I’ve written up my notes for the first three sessions of the VGS last Friday, and they’re in the queue over at FreeToPlay.biz waiting to be approved by Adrian; hopefully they should go live soon.
It was a good conference, some good stuff said, lots of basic sharing of info about things to do / things to avoid in the business and design of virtual-goods-driven businesses. The info was good, and although it often came close to being too basic for anyone who’s bothered to look at the history of online games, it usually managed to give interesting information to both the newcomers and those who’ve been around a bit.
There were lots of VC’s in attendance (surprisingly many), and lots of new vendor companies that were mostly payment-providers specializing in “taking payments from Social Network users” (I was surprised how many of them I didn’t know already; clearly, there’s been a boom in this area while I wasn’t looking).
A few highlights of my summaries (you’ll have to read the full writeups at F2P.biz for the rest):
The vendors on one panel – Twofish, Live Gamer, and Playspan – seem to be sitting in areas of potentially huge value-add, but … they also seem to be targetting their offerings at solving the problems that their customers don’t necessarily need solving, and would be better off solving themselves.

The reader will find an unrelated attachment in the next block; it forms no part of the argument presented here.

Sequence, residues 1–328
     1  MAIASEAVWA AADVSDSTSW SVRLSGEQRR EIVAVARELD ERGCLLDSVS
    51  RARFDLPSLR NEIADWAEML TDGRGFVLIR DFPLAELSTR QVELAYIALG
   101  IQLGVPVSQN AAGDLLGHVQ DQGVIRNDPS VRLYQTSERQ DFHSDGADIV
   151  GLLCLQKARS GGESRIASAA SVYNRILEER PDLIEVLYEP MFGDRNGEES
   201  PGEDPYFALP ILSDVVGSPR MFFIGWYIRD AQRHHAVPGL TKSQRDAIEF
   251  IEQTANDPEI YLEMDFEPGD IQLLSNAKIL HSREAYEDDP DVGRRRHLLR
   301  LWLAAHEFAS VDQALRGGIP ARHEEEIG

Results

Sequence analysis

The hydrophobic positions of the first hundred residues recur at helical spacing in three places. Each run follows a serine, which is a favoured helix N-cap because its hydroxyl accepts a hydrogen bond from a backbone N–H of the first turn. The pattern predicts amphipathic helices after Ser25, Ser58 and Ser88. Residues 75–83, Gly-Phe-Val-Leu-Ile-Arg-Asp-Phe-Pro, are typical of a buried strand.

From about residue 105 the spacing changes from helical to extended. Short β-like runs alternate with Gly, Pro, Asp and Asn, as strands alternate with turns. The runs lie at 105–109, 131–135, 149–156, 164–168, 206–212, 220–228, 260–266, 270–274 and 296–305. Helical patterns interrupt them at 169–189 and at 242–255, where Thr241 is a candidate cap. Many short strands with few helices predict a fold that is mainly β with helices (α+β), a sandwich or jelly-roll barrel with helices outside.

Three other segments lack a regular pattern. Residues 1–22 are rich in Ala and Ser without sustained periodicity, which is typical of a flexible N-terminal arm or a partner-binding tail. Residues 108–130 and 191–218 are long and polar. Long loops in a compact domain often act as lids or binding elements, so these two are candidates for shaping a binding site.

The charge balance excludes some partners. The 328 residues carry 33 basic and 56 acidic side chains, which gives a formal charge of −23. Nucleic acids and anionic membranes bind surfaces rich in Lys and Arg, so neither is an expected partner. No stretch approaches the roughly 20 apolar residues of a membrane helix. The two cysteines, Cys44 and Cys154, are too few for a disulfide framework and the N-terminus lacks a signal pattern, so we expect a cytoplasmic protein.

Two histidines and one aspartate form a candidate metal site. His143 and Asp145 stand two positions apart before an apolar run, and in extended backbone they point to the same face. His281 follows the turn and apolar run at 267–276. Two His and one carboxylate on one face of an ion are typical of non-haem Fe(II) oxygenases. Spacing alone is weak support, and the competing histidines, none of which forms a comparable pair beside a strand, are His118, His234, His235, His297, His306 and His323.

It seems the big players / winners in the Virtual Goods area so far are still taking a very “experimental, unplanned” approach to the fundamental worrying parts that keep newcomers awake at night: what goods should I be selling? what pricing should I offer them at? etc
Shervin (CEO, Social Gaming Network) and slightly less so Andrew (EVP Business Development, Zynga) continued to be as cagey at this conference as they have been at all the other conferences (e.g. GDC) over the past year or so. In the light of their secrecy – even when appearing on a public panel (hey, guys – if you’re asked to appear on a panel at a conference, what do you expect? Of *course* people are going to want to ask you interesting and probing questions! If you don’t intend to answer them, howabout you just decline to speak on the panel?) – we can only guess at their motivations.
…if you were there, what do you think? What were your impressions of the conference?
EDIT: interesting post from Eric Ries of IMVU starting with his thoughts on the conference, and inspiring three categorising questions about virtual goods and virtual worlds.